By Cathal Sheerin
In times of crisis, Russia hunts for the enemy within; that's what Sergey Khazov tells me when I ask him why there is so much anti-gay sentiment in his country.
"The recession started about a year and a half ago," says Khazov, "and in Russia, when we feel something bad is happening, we begin to search for enemies. First, the anti-American rhetoric got harsher, then relations with the USA got worse, and then we started looking for internal enemies: homosexuals were the first group to be targeted."
Khazov is a gay Russian writer. He works as a journalist for the opposition magazine The New Times. In recent months, I've asked a number of Russian journalists why they think Russia's lawmakers passed the 2013 anti-gay 'propaganda' law which prohibits the 'promotion' of 'non-traditional' relationships.
Like many of the journalists to whom I've spoken, Khazov points to President Putin's desire to strengthen his support amongst conservative-minded voters, many of whom live outside the major cities.
"That's where the law was first introduced," he says, half-laughing, "by some bizarre, Orthodox freak seeking attention. I actually met one of those types once in St Petersburg. He was disgraceful - he genuinely believed in what he was saying. He said that he wanted to protect children from these 'terrible homosexuals' who were 'going to sleep with them,' and 'make homosexuals out of every kid in Russia.'"
Outside the cities, Russia is a very conservative country. A recent independent survey found that 43% of Russians believed that homosexuality was a 'bad habit' and that 35% believed it was an 'illness.' I ask Khazov if these prejudices affect his work.
"As a journalist working in Moscow," he says, "I don't see many problems. However, there's a big difference between the cities and what goes on in the provincial towns. I'm very lucky to write for one of the few newspapers in which you can write about LGBT issues. Others might find it more difficult to find a place to write.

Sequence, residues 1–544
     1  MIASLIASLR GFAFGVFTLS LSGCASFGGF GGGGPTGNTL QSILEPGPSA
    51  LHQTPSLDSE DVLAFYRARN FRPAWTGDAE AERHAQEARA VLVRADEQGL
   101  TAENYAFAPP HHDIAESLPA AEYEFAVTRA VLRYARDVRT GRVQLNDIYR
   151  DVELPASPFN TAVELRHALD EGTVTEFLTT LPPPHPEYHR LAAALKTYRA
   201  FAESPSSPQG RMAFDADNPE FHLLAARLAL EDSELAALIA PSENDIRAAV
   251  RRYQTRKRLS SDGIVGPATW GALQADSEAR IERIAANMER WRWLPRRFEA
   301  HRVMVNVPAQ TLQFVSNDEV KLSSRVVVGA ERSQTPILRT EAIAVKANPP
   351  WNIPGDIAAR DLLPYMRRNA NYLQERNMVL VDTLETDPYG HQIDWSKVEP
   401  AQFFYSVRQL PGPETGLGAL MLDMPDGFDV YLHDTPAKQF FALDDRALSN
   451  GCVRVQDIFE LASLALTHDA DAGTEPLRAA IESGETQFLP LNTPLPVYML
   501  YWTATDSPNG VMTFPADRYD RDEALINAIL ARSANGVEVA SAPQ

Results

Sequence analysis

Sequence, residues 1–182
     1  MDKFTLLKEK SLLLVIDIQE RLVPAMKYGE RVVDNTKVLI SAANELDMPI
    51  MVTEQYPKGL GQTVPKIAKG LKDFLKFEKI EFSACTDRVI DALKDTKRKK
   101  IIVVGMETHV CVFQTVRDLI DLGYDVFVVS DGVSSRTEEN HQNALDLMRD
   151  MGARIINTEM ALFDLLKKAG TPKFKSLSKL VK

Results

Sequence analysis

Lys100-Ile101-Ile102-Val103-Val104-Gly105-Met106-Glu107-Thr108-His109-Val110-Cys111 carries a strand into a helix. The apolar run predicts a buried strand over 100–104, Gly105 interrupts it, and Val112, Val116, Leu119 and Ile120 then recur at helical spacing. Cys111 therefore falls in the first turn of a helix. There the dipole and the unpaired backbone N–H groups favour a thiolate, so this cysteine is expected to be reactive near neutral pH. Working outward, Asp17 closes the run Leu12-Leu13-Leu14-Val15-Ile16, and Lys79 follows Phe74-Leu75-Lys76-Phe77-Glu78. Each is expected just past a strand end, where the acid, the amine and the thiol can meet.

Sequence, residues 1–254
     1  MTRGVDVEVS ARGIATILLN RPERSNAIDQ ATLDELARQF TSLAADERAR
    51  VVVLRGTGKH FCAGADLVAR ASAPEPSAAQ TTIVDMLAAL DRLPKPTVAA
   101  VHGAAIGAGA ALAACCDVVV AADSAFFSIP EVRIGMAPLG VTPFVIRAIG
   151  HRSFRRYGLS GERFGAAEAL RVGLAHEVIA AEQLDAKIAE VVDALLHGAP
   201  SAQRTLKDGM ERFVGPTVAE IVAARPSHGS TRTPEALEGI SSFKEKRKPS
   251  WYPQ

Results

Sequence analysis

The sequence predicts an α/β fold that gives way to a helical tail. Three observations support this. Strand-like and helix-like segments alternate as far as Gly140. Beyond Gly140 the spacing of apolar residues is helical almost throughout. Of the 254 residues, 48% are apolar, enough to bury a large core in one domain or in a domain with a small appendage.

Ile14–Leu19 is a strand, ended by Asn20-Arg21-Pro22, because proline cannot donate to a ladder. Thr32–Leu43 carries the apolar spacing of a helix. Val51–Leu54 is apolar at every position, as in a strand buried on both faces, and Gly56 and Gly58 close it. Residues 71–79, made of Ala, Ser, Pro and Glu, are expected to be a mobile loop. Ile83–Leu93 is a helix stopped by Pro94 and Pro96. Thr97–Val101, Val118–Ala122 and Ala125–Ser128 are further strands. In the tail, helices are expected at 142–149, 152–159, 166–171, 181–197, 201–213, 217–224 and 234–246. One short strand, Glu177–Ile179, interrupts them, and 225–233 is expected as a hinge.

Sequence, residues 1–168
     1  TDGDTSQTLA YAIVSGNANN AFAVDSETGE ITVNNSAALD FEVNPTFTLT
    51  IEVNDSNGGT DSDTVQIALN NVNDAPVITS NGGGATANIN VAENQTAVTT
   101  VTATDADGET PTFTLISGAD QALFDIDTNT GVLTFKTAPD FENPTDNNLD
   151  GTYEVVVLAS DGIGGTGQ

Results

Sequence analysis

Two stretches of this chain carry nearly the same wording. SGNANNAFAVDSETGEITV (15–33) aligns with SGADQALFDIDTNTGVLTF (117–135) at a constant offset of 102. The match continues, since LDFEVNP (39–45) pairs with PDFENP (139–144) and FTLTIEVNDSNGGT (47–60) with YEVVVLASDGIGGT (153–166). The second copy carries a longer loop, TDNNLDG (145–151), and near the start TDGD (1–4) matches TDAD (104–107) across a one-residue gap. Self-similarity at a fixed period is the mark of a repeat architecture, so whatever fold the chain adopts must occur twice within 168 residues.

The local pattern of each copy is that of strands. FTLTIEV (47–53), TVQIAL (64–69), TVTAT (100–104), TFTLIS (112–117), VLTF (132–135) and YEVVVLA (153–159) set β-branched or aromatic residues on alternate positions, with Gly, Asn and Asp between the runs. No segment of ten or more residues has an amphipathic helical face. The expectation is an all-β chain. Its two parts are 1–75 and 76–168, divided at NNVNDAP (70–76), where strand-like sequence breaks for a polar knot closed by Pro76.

"As for being a writer, that's different. In the 90s, when I was a teenager, you had books on LGBT themes that came from abroad - it was a good period. But around the year 2000, politics and economics took over. Big publishing houses realised that 1) they might have problems with the government if they published gay books, and 2) that they might not sell enough books to make a profit."
Khazov has personal experience of this publishers' reticence. His autobiographical novel, A Different Childhood, in which he writes about the life of a gay teenager in Russia, was shortlisted for the Russian Prize (an annual award for international literature written in Russian) but rejected by Russian publishers:
"I finished my novel two years ago. I was living in Paris with my husband (Sergey's husband is French) and sent it to lots of publishing houses in Moscow and St Petersburg. In their replies, they told me that my book was very interesting, but that it didn't fit with the policies of their publishing houses, and so they couldn't publish it. This is a problem for LGBT writers in Russia - you can publish what you like on the internet, but to get it published as a book is a different matter."
I say that the new anti-gay propaganda law must also have made gay writers and journalists more cautious. (The Russian media watchdog has already investigated one newspaper, Molodoi Dalnevostochnik, for allegedly promoting homosexuality.)
"In terms of being a journalist," says Khazov, "it hasn't had much of an effect yet because no-one has been tried or fined under this new law. But from a wider LBGT perspective, it's had a big effect. Before, LGBT issues weren't really discussed. Now, people in big cities like Moscow have started to ask themselves: 'What is gay?' They've started to look for information; they've started to form opinions: it's become an 'issue'. During the Moscow mayoral elections, for example, an Orthodox activist asked (opposition candidate) Alexei Navalny if he would allow gay pride marches in the city. While Navalny was formulating an answer, these old Muscovites were saying to the activist: 'I don't care if there's a gay pride march in Moscow - I don't want to stop them.'"